Baum: Patriarchy has made it that [masculine-of-center people] can only express our emotions through anger, and we can never ask for help from other people. Misogyny is also the lens through which most people view sex workers. Obviously, feminine-of-center sex workers are the most targeted when it comes to these views, especially by law enforcement, the government, and anti-“trafficking” organizations. Because we view sex work through this feminine lens, when men promote that they do sex work for work, they experience a lot of misogyny.
There’s also the impact of certain American myths that rely on this need for isolation: “pulling yourself up by your bootstraps” and “to ask for help is weakness” and “the only person who is gonna help you is you.” And then you’re doing work you’re not supposed to talk about. It’s this vicious cycle that feeds on itself.
But we see that there is violence that happens to men in the sex-worker world, and nobody talks about it. There is financial and emotional desperation that happens, and nobody talks about it. There are these masculine tropes that are detrimental to our mental, emotional, and physical wellbeing, and nobody talks about it. Many workers I’ve spoken to over the years talk about getting lost in the work—they start making bad choices and don’t feel like they have any place to go for help. So they keep making bad choices until they break and show up on my doorstep saying, “Help. I need some direction. I’m feeling really lost in this work.”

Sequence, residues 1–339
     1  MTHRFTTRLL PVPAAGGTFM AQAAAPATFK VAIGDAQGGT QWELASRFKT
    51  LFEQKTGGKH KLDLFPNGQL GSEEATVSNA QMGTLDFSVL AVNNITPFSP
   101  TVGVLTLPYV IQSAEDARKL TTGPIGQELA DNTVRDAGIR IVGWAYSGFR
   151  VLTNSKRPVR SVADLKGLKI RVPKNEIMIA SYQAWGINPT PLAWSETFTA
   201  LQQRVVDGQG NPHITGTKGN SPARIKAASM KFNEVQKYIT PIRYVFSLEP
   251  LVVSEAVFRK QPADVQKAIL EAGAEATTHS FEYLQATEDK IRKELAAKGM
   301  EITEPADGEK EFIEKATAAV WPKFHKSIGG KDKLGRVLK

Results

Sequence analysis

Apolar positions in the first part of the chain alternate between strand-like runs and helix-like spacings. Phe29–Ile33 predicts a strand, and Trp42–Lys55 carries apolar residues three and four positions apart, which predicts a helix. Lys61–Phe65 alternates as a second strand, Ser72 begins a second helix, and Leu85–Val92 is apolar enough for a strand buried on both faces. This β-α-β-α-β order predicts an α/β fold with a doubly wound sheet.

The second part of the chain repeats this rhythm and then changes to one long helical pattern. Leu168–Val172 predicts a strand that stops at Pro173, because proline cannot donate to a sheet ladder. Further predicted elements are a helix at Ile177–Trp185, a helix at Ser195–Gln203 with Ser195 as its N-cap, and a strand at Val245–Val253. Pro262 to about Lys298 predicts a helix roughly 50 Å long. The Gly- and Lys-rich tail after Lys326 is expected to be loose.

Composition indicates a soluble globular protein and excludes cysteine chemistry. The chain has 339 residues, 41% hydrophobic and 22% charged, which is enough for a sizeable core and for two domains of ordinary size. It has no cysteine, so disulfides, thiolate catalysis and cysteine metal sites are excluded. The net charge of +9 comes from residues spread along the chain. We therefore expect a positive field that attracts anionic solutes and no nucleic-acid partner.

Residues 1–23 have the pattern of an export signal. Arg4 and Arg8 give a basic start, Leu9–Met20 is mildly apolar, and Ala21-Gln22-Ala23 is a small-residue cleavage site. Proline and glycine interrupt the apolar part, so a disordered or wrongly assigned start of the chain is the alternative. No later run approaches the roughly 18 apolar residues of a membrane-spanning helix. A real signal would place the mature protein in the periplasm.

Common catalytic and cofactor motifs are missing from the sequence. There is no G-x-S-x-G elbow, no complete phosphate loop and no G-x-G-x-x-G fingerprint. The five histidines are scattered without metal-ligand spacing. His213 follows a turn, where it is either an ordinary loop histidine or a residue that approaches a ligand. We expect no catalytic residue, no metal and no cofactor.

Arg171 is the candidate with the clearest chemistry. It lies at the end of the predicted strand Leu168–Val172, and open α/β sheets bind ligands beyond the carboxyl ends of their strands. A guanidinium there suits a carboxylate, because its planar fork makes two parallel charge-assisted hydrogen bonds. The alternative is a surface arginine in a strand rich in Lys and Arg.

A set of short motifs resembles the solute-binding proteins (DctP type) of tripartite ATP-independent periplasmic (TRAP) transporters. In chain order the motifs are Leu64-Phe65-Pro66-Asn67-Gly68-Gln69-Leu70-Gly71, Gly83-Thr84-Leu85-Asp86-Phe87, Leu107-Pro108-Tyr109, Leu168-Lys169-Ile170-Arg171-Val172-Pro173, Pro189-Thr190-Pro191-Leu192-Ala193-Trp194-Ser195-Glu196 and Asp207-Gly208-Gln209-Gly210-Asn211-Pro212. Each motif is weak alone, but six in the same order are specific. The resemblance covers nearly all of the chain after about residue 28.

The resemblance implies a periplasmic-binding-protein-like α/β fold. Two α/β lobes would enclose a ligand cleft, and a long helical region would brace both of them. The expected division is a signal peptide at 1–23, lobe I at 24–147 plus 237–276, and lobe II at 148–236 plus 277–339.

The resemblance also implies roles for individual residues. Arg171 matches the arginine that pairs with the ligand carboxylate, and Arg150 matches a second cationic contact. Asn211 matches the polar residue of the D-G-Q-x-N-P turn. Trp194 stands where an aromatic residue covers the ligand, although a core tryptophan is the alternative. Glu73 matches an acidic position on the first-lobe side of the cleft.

Patterson: Shaan, I want to come back to you to talk about masculinity, specifically when it comes to transmasculine workers. When you’re thinking about the people who are organizing in Molly House Project, what are the intersectional issues in addition to gender identity that come up?
Lashun: I’m fascinated by the growth of thought around multiple masculinities. Being an “older trans”—although I’m not an elder—those conversations weren’t being had in the past. Until recently, I haven’t really had community with other transmasculine people as a transmasculine person myself. My version of masculinity was not modeled off of cis masculinity.
My inbox is now packed with messages from transmasculine sex workers. A lot of them want to transition either physically or medically and are worried that, in doing so, they won’t have access to the same clientele or kind of sex work they are currently doing. They feel like they aren’t going to know how to be a sex worker as a masculine-of-center person.
The biggest differences between transmasculine workers and cis masculine workers are pretty stark. Vetting is different. If transmasculine workers are working with cis men clients, they may not be able to accurately vet them. That’s not something that’s culturally the norm for cis masculine workers. We also talk about opportunities to “play both ends.” I know several transmasculine people who will play up a womanly persona and a manly persona; others will continue to work perceived as a woman in order to keep going in the work. I’ve seen a lot of different approaches to navigating this.